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About Omaha daily bee. (Omaha [Neb.]) 187?-1922 | View Entire Issue (May 23, 1918)
THE BEE: OMAHA, THURSDAY, MAY 23, 1918.
40 DISLOYALTY -CASES
BY FEDERAL JURY
Judge Woodrough Warns In
vestigators of Importance of
Their Duty in Handling ,
Promise of speedy retribution in the
trial of any person indicted under the
charge of sedition, treason or for acts
against the government was made by
Federal Judge Woodrough in his
charge to the federal grand jury,
which was impanelled Wednesday
morning. The jury in this session
' will review 40 cases of this character.
"You have a great many cases to
decide, where charges of sedition,
treason and treasonable acts against
the government have been made,"
Judge Woodrough said to the jury.
"These matters to loyal American
men, such as you are, are so horrible,
so revolting, that they are enough to
make the Blood boil with bitterness,
''contempt and hatred. Yet. even un
der these circumstances, the human
ity of our laws must be fully realized
by you men. You must indict no
man without proof of his euilt, but
when that is once established your
duty is plain.
No Partisan Feeling.
"You must indict no person through
any partisan feeling, either through
fear or favor, nor indict any man
through malice. It is this humane fea
ture which makes the American jury
Throughout his talk to the jury
Judge Woodrough took frequent oc
casion to impress upon the jury men
the humane side of their work He also
warned them of the importance of
their duty a$ public officials.
Lee Herdman, Omaha, was made
' foreman of the jury of 23 men.
Twenty-four men were qualified, but
one" was excused to cut the number
down to the legal provision.
The heaviest docket of complaints
since 1905 will be . reviewed by the
jury. Thirteen cases, involving viola
tions of -the Mann act. and 20 viola
tions of the Harrison drug act are I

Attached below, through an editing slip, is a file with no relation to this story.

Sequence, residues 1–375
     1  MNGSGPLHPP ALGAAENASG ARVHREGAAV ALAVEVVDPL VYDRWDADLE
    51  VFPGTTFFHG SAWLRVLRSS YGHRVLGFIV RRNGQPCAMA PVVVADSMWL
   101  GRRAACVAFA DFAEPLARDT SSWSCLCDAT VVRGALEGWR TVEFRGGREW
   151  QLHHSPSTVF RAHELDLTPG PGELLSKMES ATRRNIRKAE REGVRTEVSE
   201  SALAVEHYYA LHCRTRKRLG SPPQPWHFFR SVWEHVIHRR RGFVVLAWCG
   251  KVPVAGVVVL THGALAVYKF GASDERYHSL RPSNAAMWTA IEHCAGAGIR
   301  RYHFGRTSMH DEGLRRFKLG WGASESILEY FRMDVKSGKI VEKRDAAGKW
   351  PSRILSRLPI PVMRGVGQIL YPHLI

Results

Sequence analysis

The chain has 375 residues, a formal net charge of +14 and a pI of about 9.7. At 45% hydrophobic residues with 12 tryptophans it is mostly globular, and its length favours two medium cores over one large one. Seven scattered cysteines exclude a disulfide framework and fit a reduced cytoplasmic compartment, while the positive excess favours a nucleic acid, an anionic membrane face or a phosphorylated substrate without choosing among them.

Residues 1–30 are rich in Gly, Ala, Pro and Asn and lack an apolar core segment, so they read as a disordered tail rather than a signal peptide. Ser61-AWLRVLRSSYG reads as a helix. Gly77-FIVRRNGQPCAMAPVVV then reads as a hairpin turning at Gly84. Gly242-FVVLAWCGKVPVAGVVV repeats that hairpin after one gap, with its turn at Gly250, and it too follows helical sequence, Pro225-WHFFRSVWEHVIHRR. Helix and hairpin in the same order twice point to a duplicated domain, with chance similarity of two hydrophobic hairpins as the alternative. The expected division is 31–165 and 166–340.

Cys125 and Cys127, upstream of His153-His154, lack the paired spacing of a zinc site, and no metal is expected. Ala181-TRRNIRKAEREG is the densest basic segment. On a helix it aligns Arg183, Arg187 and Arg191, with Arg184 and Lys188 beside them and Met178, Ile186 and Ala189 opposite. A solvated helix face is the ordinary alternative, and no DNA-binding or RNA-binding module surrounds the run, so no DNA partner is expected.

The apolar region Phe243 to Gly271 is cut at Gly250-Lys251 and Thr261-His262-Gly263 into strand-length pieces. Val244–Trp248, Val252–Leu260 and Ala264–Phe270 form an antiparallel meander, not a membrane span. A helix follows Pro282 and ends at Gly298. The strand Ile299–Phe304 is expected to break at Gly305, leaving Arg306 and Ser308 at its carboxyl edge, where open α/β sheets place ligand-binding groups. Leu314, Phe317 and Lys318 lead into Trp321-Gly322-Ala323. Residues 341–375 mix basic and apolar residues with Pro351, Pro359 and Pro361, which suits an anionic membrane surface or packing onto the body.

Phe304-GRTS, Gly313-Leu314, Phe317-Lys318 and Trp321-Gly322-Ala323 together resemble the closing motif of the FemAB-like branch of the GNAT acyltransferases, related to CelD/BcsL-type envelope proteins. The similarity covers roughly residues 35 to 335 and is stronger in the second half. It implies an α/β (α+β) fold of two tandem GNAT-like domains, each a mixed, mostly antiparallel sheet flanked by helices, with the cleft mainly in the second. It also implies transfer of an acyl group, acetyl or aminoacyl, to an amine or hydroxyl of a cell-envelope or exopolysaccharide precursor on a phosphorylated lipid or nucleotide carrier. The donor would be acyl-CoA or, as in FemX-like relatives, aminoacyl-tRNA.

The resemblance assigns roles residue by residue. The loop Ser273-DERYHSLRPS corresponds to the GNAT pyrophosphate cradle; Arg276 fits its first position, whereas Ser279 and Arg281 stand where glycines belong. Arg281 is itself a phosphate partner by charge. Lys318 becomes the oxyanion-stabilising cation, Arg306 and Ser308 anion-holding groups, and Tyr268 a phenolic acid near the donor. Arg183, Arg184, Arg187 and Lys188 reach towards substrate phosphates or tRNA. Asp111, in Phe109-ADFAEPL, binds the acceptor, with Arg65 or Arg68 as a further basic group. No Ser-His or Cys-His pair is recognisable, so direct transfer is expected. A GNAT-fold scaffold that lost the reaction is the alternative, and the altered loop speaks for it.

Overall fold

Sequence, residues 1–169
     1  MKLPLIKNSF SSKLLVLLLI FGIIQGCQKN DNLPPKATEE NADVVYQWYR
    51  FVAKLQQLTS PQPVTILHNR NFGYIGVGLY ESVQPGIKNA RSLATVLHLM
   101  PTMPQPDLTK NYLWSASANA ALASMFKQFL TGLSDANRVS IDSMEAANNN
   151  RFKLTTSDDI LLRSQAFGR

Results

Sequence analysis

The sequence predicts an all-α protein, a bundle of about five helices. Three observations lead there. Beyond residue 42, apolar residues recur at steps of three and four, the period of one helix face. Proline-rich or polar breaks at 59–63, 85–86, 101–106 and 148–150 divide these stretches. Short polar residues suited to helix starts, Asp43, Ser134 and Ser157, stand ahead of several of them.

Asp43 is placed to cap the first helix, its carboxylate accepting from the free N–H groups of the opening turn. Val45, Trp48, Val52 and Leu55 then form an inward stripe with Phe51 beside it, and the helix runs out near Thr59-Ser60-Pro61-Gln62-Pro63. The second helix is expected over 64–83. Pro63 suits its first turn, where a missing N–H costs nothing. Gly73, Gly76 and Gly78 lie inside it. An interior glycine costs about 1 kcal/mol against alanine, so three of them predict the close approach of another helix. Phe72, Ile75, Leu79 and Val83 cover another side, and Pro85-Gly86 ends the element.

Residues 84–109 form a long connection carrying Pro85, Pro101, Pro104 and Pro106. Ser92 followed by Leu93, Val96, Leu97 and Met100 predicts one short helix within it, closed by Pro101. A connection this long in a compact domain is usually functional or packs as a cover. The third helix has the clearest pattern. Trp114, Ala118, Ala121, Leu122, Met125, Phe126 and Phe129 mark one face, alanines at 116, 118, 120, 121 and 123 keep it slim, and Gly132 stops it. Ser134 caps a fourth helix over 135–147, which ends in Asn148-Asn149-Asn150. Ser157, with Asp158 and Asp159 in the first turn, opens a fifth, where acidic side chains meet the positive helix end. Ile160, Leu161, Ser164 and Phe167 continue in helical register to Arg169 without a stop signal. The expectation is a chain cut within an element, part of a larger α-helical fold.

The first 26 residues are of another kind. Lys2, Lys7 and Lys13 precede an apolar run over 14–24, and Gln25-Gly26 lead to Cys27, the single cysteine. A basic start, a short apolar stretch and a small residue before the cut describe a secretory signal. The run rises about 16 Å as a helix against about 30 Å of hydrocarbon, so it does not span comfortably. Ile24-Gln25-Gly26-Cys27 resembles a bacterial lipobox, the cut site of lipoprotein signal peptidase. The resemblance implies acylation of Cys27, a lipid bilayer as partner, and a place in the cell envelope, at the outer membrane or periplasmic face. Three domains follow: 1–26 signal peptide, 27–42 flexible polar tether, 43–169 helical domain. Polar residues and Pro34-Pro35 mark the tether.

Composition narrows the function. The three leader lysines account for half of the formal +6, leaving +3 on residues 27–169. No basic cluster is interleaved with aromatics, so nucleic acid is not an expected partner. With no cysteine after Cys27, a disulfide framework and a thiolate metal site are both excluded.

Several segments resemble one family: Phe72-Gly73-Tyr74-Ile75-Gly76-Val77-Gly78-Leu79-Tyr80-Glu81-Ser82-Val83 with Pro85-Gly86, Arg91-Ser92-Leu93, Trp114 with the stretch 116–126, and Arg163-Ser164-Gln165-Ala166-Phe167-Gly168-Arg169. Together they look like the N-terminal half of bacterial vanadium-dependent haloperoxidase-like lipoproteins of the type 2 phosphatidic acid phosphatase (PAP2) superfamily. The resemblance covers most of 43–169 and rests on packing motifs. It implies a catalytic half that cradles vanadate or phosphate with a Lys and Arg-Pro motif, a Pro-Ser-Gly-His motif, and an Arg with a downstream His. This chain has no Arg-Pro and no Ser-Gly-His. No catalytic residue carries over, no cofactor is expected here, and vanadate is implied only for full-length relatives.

among those to be considered.
Mrs. Jaquette Rodefcr, Red
Cross Worker, Dies in Omaha
Mrs. Jaquette Rodefer, 49 years old,
wife of Franklin B. Rodefer, Union
Pacific timekeeper; died Wednesday
morning at the family home, 4308 De
catur street, following a stroke of
paralysis. She was a well known Red
Mrs. Rodefer resided in Omaha for
31 years. She was a member of the
First Presbyterian church and was
, active in its church and patriotic
work. Besides her husband, she is sur
vived by her mother, Mrs. E. E. All
strom, and ,one brother, J. T. All
strom. Funeral services will be held at the
First Presbyterian church Friday aft
ernoon at 2 o'clock, Rev. E. H.
Jenks officiating. Interment will be
in Forest Lawn cemetery.
Eight Hotel Proprietors
4 Are Freed of Vice Charges
Eight hotel proprietors, arrested
May 16 on charges of operating ill
governed houses, were dismissed in
police court Wednesday.
, Mary Peterson, Terrill, la., and
Laura Peterson, sister, testified that
on many occasions during the winter
months they had registered with sol
diers at the eight hotels.
The proprietors discharged in
cluded: Abe White, Keystone hotel;
William Hill, Park hotel; Harry Ack
erman. Northwestern hotel; Phil Na
than, State hotel; A. B. Quealey, Al
bany hotel; Louis Renfrow, Neville
hotel: Louis Ackerman, Globe hotel,
and Grace Roberts, Reic hotel.
Wheat Restrictions Apply
To Use of Graham Flour
Widespread misunderstandings re
garding graham flour exists, says
Gurdon W. Wattles, federal food ad
ministrator." Many seem to think
graham is not a wheat flour product
, and that when they are using gra
ham they are observing the non
As a matter of fact graham flour is
all wheat. The same is true of whole
wheat flour and products.
Co-operation in every possible way
and observance of every food regula